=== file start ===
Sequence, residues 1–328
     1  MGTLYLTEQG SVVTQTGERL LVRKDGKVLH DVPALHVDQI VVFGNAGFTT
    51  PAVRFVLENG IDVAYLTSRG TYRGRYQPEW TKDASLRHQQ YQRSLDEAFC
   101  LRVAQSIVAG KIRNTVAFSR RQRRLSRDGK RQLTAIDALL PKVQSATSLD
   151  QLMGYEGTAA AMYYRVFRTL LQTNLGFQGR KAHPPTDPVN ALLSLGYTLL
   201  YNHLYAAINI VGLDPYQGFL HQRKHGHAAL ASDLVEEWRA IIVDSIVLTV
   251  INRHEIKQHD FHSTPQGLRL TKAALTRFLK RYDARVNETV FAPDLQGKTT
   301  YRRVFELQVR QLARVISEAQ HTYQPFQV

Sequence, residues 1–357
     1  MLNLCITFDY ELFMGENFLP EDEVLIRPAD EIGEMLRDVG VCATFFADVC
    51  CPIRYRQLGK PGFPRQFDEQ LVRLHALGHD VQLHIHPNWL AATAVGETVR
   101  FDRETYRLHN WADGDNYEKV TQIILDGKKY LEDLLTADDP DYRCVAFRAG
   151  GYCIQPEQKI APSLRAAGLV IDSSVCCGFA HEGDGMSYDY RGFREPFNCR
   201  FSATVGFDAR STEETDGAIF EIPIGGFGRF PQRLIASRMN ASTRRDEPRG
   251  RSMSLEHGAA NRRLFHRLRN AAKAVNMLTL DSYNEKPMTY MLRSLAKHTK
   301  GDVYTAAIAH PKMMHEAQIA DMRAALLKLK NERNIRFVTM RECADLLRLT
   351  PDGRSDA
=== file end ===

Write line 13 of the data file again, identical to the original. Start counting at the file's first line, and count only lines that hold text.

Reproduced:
   151  GYCIQPEQKI APSLRAAGLV IDSSVCCGFA HEGDGMSYDY RGFREPFNCR